It was late on a Saturday night. I had watched my Saturday helping of pirates already and found myself wondering what to watch next. I decided that there had to be something else worth watching on Crunchyroll, and in my journey down the page hit the plethora of Korean dramas and comedies that make up the other half of Crunchyroll’s content.

I know very little about Korean dramas. There’s apparently a very hardcore and knowledge fan base out there for this sort of thing, and I’m not it. What I do know is a statement I’ve heard in the past about how “The Korean live action adaptation of XX manga is better than Japanese live action version.” Then again, I had watched some live action Japanese adaptations and they wouldn’t be hard to top. A quick check of the internet tells me that Korea does produce a lot of TV. So, they must know what they’re doing! It’s Saturday night, I had nothing to loose…

So I picked a recent series at random.
It featured a soldier, presumably Gyebaek, in armor and a strangely worded disclaimer of a description:
This period drama was produced to shed light on how noble values championed by General Gyebaek of the Baekje kingdom last much longer than the battle cheers of the victors in history. There is no intention to make this a period drama that glorifies Baekje. Nor is it correct to assume that this TV show intends to rewrite Baekje's history. But for a kingdom that lasted for 680 years, it is time to address the falsehoods that Baekje collapsed due to a tyrant ruler who purportedly was a drunk. There should be a comprehensive look at how Baekje was surrounded by encroaching kingdoms that formed alliances to the detriment of Baekje.

A historical drama with an apologist bent? Can you be an apologist for what is basically ancient history? The wikipedia entry about the lead character isn’t exactly flattering to modern eyes. However, this clearly is not a documentary, and historical fiction is known to play fast and loose with it’s source material. Hey, it worked in Braveheart.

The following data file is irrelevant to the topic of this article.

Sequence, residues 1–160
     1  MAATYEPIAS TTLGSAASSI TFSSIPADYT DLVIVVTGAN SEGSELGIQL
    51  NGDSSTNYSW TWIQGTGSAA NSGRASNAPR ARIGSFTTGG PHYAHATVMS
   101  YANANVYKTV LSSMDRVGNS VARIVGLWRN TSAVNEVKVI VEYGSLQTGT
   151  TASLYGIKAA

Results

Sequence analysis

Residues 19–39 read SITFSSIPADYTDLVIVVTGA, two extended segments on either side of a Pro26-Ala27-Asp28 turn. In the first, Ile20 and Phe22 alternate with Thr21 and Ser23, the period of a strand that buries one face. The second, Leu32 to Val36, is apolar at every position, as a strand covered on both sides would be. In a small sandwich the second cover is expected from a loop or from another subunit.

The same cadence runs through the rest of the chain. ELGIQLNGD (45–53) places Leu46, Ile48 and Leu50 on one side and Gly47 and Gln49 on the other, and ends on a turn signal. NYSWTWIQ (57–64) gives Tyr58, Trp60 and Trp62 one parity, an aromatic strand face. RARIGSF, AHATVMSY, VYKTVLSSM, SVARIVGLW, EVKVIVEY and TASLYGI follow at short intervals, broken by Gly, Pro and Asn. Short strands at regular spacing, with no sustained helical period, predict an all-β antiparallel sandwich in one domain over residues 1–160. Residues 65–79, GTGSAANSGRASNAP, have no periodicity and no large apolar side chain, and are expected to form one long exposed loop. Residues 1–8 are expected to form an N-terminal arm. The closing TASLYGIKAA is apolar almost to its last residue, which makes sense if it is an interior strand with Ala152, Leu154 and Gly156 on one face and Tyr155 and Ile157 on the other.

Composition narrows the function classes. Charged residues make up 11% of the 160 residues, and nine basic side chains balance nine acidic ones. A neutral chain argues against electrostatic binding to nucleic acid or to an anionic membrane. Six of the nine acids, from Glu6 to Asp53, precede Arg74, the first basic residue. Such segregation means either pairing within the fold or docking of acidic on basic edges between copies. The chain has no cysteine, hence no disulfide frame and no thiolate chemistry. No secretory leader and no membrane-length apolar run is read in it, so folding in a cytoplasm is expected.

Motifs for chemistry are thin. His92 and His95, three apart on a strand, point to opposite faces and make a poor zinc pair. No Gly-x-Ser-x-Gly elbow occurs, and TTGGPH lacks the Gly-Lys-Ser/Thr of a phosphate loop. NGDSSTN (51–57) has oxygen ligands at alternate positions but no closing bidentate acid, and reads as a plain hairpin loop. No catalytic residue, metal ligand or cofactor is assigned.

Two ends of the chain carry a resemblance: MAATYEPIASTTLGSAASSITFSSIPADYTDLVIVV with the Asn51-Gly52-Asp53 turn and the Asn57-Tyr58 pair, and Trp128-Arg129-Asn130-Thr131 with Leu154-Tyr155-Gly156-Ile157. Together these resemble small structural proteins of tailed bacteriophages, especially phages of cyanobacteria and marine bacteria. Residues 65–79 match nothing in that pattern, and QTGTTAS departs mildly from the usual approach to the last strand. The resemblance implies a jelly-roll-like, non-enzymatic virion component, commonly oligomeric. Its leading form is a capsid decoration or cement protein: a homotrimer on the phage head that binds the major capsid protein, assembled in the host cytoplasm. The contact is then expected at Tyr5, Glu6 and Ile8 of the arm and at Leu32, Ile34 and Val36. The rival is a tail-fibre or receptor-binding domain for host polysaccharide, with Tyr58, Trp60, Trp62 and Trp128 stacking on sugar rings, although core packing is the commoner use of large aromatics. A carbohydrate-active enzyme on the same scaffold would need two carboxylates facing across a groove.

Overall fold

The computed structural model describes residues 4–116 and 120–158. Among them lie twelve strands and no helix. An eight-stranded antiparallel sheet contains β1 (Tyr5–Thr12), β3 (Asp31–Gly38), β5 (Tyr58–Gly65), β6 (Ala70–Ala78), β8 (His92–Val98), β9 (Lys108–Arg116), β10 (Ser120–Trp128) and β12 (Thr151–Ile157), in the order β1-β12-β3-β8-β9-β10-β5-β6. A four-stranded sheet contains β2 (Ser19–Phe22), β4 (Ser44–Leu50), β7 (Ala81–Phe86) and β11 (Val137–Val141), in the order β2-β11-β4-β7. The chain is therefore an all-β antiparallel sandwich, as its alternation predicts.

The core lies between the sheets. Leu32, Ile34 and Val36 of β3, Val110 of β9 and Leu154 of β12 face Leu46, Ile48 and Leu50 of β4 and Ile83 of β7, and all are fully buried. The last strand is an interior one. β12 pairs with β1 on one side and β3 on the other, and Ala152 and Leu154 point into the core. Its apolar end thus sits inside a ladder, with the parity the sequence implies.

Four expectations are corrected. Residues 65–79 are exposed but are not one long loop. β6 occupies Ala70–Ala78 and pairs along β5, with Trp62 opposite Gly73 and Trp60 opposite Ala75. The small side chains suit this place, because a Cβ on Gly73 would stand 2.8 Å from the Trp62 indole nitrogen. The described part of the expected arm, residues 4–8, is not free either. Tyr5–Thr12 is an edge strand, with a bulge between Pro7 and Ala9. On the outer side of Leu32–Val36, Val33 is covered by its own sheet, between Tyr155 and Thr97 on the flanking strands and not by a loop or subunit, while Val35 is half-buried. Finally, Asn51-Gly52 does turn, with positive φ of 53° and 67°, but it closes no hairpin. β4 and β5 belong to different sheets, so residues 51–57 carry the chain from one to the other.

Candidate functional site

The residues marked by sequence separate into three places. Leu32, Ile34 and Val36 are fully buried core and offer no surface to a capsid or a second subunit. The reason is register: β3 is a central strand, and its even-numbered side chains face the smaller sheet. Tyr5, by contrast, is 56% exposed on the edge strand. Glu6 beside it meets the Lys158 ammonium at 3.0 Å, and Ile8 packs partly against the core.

I managed to make it through three episodes of the show and then thought, wait… this show doesn’t have very many comments and it looks like it ended recently. It might be fun to write about my experience watching it from a completely newbie perspective. It might even make for a decent blog on Fandom!

I invite you to join me in my journey into historical themed Korean Drama in a blog which I shall call KO on K-D. A newbie exploration of Korean drama!

KO on K-D: Gyebaek Episode 1 “Extreme Time Jump”
The disclaimer: Spoilers for the Show Abound. Reader Discretion Advised.
Baekje and Shilla face off on the battlefield. Despite Shilla's overwhelming numbers, the Baekje army of five thousand, led by the fearless Gye Baek, stand strong.
(Is it Silla or Shilla?)
So, this is a series about the (fictitious) life of legendary general Gye Baek of the Baekje empire. The man himself existed, but very little is known about his life.
I’d like to say no horses were harmed in the making of this episode, but who knows?
A great way to catch my attention is to start a series in the middle of a battle. The battle scenes are pretty damn impressive. This isn’t a short TV series, the listings run up to episode 36. It makes me wonder at the budget of this show. (It’s certainly a step above any of the syndicated stuff I used to watch on weekends. Especially in the fighting choreography, more on that later.) The costuming and sets are also magnificent, although too clean and immaculate and pretty to be historically accurate. Of course everyone is going to be pretty, this is an idealized historical drama. They don’t play it straight either. There’s some hammy acting and sound effects, and of course crazy impossible fighting, and the most ridiculous music ever…